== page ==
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Elektra Video presents
Canciones de mi padre: A Romantic Evening in Old Mexico—Linda Ronstadt (1992)

"When I was a little girl and my father sang these songs to me, I didn't always understand the language, but it never mattered because the music told me what I needed to know."
- Linda Ronstadt

Review By: Mark Zimmer   
Published: June 06, 2004

Stars: Linda Ronstadt
Other Stars: Danny Valdez, Gilberto Puente, Sal Lopez, Urbanie Lucero, Melinda Marie Ronstadt
Director: Michael Smuin, Bruce Franchini

MPAA Rating: Not Rated for (nothing objectionable)
Run Time: 01h:08m:57s
Release Date: June 08, 2004
UPC: 603497029822
Genre: folk

Image Transfer
Audio Transfer
A- B+B-C D-

DVD Review

Linda Ronstadt has made a successful musical career out of morphing from one genre to another: from her beginnings as a pop star with the Stone Poneys and as a solo act, into later phases of her career singing romantic ballads with Nelson Riddle, torch songs and even Gilbert & Sullivan. But this episode of Great Performances takes Ronstadt to a very personal place as she sings the melodies that her grandfather and father learned in Sonora, Mexico.

Ronstadt is accompanied by a lively ensemble, the Mariachi Vargas de Taclitlan. The music is very much in the milieu of the mariachi, with thrumming guitars and brassy trumpets, not to mention plenty of hand clapping and foot stomping. Most of the pieces were unfamiliar to me, though there were a few old favorites such as the original version of La Bamba, a courtship song, and El Jarabe Tapatio, better known as the Mexican Hat Dance. Love and romance are the primary themes, but there is also a fair amount of politics as these songs express the sentiments of the Revolution and pride in the adventures of Pancho Villa outwitting the Americans under Pershing.

Visual interest is nicely maintained by the dancing of the Ballet Folklorico de la Fonda; the elaborate dresses of the women are flashy and gorgeous, and their precision dancing is delightful to watch.

These songs clearly mean a great deal to Ronstadt on a personal basis, and she gives them a truly heartfelt performance. She plays it a bit safe in the first half of the program, but really gets flashy in the second half, knowing she's in the home stretch. El Crucifijo de piedra shows off her range nicely, as well as demonstrating her sensitivity. She also clearly is having a great time with story songs such as La Rielera, which she performs with much gusto. She doesn't sing on every tune, and she has an adequate supporting cast of vocalists who take over for her on occasion for her frequent costume changes. She also performs an entertaining drinking song with her niece Melinda, with Linda getting amusingly into the mode of a borrachera even though she's reportedly a notorious teetotaler.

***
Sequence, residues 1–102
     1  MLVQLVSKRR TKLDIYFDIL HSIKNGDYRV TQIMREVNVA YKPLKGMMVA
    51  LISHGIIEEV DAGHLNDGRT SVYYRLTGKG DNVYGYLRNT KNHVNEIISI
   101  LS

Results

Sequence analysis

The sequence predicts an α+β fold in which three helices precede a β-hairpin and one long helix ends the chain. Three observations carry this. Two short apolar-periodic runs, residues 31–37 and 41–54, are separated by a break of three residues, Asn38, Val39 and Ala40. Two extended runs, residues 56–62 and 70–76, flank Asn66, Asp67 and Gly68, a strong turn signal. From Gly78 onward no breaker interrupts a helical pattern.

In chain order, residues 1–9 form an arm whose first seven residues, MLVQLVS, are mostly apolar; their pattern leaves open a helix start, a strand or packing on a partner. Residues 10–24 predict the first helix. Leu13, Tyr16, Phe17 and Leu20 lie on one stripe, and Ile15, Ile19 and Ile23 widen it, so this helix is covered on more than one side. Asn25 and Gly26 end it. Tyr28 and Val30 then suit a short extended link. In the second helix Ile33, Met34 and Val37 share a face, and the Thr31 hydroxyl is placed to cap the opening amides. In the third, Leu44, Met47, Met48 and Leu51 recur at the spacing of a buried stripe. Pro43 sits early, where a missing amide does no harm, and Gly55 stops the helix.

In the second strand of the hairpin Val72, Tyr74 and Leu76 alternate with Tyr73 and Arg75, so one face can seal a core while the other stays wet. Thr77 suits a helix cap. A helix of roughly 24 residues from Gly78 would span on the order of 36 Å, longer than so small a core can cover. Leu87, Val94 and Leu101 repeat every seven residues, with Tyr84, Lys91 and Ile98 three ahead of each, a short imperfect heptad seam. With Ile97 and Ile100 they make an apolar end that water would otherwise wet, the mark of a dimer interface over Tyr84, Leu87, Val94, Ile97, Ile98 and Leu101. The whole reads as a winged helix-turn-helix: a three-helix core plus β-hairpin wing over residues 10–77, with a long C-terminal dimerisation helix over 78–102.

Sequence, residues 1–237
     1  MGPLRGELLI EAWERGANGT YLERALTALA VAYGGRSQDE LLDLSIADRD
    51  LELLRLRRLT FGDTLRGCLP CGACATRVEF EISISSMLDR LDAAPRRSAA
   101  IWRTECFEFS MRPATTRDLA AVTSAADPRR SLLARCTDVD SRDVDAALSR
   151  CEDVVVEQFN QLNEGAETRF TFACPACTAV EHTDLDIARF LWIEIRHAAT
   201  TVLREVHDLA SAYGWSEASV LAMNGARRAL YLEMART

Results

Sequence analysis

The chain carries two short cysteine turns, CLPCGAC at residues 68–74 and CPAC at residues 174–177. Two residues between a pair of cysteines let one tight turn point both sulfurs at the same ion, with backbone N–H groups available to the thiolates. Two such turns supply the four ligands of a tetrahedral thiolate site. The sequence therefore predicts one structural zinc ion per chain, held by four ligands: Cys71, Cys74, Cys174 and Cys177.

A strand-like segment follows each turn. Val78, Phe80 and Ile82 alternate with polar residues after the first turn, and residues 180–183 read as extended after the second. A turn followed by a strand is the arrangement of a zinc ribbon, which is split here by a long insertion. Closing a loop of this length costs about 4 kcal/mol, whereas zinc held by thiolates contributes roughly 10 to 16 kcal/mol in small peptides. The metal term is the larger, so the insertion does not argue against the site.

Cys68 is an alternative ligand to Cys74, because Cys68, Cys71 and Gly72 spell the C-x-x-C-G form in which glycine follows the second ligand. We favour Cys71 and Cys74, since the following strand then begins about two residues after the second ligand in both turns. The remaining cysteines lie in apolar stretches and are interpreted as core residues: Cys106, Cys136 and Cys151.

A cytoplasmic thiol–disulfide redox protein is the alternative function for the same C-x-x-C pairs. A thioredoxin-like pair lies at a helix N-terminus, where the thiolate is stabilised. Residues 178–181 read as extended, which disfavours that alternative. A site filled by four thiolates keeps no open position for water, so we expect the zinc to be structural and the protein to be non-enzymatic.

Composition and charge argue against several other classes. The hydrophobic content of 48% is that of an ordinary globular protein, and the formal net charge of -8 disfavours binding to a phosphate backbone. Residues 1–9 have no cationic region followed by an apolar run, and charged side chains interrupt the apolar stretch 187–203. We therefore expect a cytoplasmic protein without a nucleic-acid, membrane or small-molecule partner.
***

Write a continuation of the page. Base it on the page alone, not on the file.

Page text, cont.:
While the program is mostly made up of the live performances, Ronstadt does on occasion interject a short voiceover to give a tidbit about the meaning of a particular song, or to give a nugget of history about mariachi traditions. With 21 songs, there's plenty of entertainment here.

Rating for Style: A-
Rating for Substance: B+


Image Transfer

Aspect Ratio1.33:1 - Full Frame
Original Aspect Ratioyes

Image Transfer Review: This very attractive presentation was unfortunately shot on videotape, with all the drawbacks that that format implies. The picture is quite soft and lacking in fine detail, which is a shame, given the beautiful costuming. Color is generally quite good, and black levels are excellent for a live stage program. The grade is about as high as one can expect for something shot on video.

Image Transfer Grade: B-


Audio Transfer

 LanguageRemote Access
DS 2.0English (songs in Spanish)yes
Dolby Digital
English (songs in Spanish)yes

Audio Transfer Review: Two tracks are presented: a Dolby Surround track and a DD 5.1. Both feature the voiceovers in English and the songs in the original Spanish. The 5.1 track has excellent definition and deep, powerful bass. Unfortunately, it's mixed horrifically loud: even at only one-fourth of reference it was still painful to listen to. The Dolby Surround track is much less ear-shattering, but it also doesn't have the broad soundstage of the 5.1 track. If you have a high tolerance for loud sounds, the 5.1 track will be preferable, since it does give a sensation of being in a large concert hall, but my dainty ears frankly couldn't stand it and I had to switch to the DS track before long. The 5.1 track would rate much, much higher if I could hear it without risking permanent deafness. As usual for such programs, the applause is mixed much too loud, which makes the 5.1 track even more painful than it is during the music.

Audio Transfer Grade: C


Disc Extras

Full Motion menu with music
Scene Access with 22 cues and remote access
Music/Song Access with 21 cues and remote access
Subtitles/Captions in English, Spanish, Portuguese with remote access
Packaging: generic plastic keepcase
Picture Disc
1 Disc
1-Sided disc(s)
Layers: single

Extras Review: There are no extras. The chaptering is an adequate one stop per song. Although subtitles are provided, they only cover the English spoken portions of the program. However, the closed caption track does include the full Spanish lyrics, so I found it to be preferable. On a few occasions the captioner gets completely lost and just sticks in "[Spanish]" but for the most part does a competent job.

Extras Grade: D-


Final Comments

Linda Ronstadt demonstrates her Mexican roots in this lavish live production; shot on video and sporting a deafening 5.1 track, it's unfortunately short on supplemental materials.


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